I struggled with this one. It is set in the reign of James I – some 60 years after the end of The Mirror and the Light. The Howard family are still going strong and Court has a strong Scottish influence with underlying religious tension. The main characters are close friends Frances Howard (who has an abusive if high-born husband) and Anne Turner (a doctor’s widow with financial worries who has a talent for fashion). It is quite dark and you know from the beginning that it won’t end well. Unlike the Mantel it is not quite redeemed by the wonderful language.

The Survivors by Jane Harper

An Australian thriller which is set in Tasmania where time runs very slowly compared with Sydney.  Tragedy from the past haunts the main characters (as in her previous excellent novels The Dry & The Lost Man) and returns when a murder occurs in the small seasonal coast community near Hobart. Highly atmospheric.  

Hitch 22 by Christopher Hitchens

I like to read memoirs by people who write of current events that I have lived through including some that, shamefully seemed to have passed me by. They don’t come better than this.  Christopher Hitchens (who died in 2011) was a journalist and intellectual who wrote in a style that carries you along like your favourite newspaper columnist.  His turn of phrase makes you feel as clever as he was if you pick up a reference. You don’t have to be of his political persuasion, which when he was younger was of the extreme left, to be filled with admiration for the way he captures the mood and leading personalties of the times.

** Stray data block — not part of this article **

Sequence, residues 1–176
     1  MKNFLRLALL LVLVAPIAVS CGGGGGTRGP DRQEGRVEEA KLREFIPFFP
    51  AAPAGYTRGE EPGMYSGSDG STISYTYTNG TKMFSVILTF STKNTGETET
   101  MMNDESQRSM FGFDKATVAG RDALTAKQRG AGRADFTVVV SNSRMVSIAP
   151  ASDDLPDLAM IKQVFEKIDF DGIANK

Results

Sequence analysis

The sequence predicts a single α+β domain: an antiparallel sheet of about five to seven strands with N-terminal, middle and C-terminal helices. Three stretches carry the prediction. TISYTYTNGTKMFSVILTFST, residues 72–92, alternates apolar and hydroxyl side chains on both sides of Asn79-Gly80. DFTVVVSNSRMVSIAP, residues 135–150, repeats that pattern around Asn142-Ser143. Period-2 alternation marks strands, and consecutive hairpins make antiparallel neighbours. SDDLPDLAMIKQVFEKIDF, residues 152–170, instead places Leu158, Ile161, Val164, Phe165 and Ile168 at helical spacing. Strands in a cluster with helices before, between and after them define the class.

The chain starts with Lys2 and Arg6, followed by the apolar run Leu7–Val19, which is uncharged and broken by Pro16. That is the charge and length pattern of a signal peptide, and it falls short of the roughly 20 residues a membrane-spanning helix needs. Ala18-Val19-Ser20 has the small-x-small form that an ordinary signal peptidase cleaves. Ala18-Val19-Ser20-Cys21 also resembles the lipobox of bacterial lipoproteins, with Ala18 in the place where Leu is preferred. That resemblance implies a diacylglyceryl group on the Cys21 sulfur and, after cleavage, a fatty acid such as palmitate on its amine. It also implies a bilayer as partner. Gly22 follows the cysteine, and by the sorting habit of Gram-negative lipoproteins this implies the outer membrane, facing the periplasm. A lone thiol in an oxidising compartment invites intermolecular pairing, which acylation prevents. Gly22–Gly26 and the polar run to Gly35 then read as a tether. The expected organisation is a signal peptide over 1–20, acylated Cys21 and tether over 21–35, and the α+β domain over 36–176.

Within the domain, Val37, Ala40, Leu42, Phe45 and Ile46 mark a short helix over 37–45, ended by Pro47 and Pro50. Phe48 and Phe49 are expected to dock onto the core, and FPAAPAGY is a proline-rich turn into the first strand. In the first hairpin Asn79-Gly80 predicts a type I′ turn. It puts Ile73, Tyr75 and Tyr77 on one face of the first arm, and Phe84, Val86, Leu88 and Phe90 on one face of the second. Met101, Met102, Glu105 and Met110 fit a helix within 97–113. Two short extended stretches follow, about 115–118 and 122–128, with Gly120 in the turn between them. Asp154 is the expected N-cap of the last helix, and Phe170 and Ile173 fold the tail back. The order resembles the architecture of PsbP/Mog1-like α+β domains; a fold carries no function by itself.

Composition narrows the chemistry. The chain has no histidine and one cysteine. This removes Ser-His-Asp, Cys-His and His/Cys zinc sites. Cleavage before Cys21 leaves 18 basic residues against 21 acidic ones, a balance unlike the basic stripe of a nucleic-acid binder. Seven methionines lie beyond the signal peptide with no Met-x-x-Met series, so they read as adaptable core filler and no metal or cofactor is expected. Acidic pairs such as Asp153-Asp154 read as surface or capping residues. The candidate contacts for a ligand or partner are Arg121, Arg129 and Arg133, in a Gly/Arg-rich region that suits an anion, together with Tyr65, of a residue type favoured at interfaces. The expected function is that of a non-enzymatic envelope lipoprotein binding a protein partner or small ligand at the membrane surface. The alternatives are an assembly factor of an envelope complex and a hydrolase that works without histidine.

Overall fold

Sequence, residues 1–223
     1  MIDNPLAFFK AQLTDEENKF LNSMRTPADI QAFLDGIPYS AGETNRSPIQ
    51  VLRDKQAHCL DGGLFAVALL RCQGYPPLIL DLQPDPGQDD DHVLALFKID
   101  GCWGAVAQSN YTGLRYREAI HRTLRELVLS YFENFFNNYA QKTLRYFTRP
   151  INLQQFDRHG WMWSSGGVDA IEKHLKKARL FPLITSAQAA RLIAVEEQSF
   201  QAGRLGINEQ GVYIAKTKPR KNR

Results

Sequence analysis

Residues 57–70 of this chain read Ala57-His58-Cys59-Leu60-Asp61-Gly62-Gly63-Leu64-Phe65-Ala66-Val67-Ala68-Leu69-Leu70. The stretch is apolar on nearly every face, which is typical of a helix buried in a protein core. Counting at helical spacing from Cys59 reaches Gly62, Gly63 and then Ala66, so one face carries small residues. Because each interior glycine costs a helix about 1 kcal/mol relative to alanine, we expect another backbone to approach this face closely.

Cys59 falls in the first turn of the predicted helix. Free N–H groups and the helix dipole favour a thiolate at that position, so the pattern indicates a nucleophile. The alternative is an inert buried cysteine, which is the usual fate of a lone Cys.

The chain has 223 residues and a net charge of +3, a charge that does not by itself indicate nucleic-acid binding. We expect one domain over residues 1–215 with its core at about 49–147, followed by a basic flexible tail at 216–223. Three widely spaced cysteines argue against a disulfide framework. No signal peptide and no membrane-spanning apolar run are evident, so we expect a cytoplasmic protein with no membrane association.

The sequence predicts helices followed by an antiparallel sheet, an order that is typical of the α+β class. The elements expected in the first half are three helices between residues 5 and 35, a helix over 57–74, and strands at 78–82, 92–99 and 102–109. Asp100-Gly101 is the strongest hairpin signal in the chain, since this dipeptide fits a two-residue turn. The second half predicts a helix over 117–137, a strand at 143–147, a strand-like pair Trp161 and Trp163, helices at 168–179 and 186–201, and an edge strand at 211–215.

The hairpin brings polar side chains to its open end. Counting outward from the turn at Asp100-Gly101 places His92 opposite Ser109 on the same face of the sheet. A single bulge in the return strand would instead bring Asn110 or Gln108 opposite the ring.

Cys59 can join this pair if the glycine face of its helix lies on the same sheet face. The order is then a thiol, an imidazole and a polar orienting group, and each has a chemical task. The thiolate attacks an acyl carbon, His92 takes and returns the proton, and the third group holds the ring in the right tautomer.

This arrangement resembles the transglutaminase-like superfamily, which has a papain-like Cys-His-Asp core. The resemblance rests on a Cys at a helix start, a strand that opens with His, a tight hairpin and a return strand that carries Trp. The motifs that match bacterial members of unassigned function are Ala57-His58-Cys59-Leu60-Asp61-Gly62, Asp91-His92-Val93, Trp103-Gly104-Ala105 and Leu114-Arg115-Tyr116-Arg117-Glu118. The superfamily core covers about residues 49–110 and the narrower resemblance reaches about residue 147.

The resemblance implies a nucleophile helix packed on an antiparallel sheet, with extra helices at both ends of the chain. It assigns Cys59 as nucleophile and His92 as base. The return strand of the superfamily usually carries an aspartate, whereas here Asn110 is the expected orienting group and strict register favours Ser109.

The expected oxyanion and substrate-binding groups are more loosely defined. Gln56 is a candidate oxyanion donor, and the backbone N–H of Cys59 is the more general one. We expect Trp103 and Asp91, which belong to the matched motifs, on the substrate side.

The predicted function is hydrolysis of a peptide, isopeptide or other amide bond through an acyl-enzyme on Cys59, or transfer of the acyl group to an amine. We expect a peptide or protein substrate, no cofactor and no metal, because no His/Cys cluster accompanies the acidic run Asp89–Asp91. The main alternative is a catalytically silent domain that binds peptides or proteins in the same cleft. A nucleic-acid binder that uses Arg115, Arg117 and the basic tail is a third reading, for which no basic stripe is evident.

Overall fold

Jenny Newton

Talking about Books, Much Wenlock

A Lovely Way to Burn by Louise Welsh

A surprisingly prescient book set in a time of the ‘sweats’ contagion when people are dying swiftly from a severe pandemic. The heroine, Stevie, has found her boyfriend, a doctor, dead but he has left instructions on what she must and only do with his computer. She has no idea why but then goes through the trials and tribulations of fulfilling his request, meeting many hazards in the process. Most of all she wants to find out how he died as his symptoms seem suspicious. The tale is more to do with this search with the contagion situation just the backdrop. This is the first volume in her Plague Trilogy and I will certainly be reading the rest. Some of the inspiration for the book came from the Terry Nation TV series shown the 1970s called Survivors and beautifully filmed in the area around north Herefordshire. If you liked that then this series could be for you too.


Cocktail Hour under the Tree of Forgetfulness by Alexandra Fuller